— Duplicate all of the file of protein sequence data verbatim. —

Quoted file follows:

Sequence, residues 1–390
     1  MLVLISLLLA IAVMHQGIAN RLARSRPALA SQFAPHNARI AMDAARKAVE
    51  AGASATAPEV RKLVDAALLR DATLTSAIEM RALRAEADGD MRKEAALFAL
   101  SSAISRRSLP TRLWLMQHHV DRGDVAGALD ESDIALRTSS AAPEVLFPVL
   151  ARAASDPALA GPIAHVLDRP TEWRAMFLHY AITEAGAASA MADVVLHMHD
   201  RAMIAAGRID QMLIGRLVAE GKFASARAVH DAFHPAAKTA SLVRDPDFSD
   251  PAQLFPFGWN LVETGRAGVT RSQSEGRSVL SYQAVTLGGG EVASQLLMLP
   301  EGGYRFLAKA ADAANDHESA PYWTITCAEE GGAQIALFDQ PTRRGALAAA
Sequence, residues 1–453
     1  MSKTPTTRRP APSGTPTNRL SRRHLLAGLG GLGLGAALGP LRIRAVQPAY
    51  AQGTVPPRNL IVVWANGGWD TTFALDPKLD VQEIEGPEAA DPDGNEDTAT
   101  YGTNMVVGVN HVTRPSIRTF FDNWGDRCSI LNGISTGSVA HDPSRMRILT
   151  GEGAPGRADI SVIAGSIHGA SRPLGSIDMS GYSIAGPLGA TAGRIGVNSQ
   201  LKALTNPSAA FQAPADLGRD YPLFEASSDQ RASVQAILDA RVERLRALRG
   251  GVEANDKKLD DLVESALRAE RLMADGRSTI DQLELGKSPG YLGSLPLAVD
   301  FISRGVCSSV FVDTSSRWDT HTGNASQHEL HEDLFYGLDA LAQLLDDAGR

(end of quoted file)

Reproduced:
Sequence, residues 1–390
     1  MLVLISLLLA IAVMHQGIAN RLARSRPALA SQFAPHNARI AMDAARKAVE
    51  AGASATAPEV RKLVDAALLR DATLTSAIEM RALRAEADGD MRKEAALFAL
   101  SSAISRRSLP TRLWLMQHHV DRGDVAGALD ESDIALRTSS AAPEVLFPVL
   151  ARAASDPALA GPIAHVLDRP TEWRAMFLHY AITEAGAASA MADVVLHMHD
   201  RAMIAAGRID QMLIGRLVAE GKFASARAVH DAFHPAAKTA SLVRDPDFSD
   251  PAQLFPFGWN LVETGRAGVT RSQSEGRSVL SYQAVTLGGG EVASQLLMLP
   301  EGGYRFLAKA ADAANDHESA PYWTITCAEE GGAQIALFDQ PTRRGALAAA
Sequence, residues 1–453
     1  MSKTPTTRRP APSGTPTNRL SRRHLLAGLG GLGLGAALGP LRIRAVQPAY
    51  AQGTVPPRNL IVVWANGGWD TTFALDPKLD VQEIEGPEAA DPDGNEDTAT
   101  YGTNMVVGVN HVTRPSIRTF FDNWGDRCSI LNGISTGSVA HDPSRMRILT
   151  GEGAPGRADI SVIAGSIHGA SRPLGSIDMS GYSIAGPLGA TAGRIGVNSQ
   201  LKALTNPSAA FQAPADLGRD YPLFEASSDQ RASVQAILDA RVERLRALRG
   251  GVEANDKKLD DLVESALRAE RLMADGRSTI DQLELGKSPG YLGSLPLAVD
   301  FISRGVCSSV FVDTSSRWDT HTGNASQHEL HEDLFYGLDA LAQLLDDAGR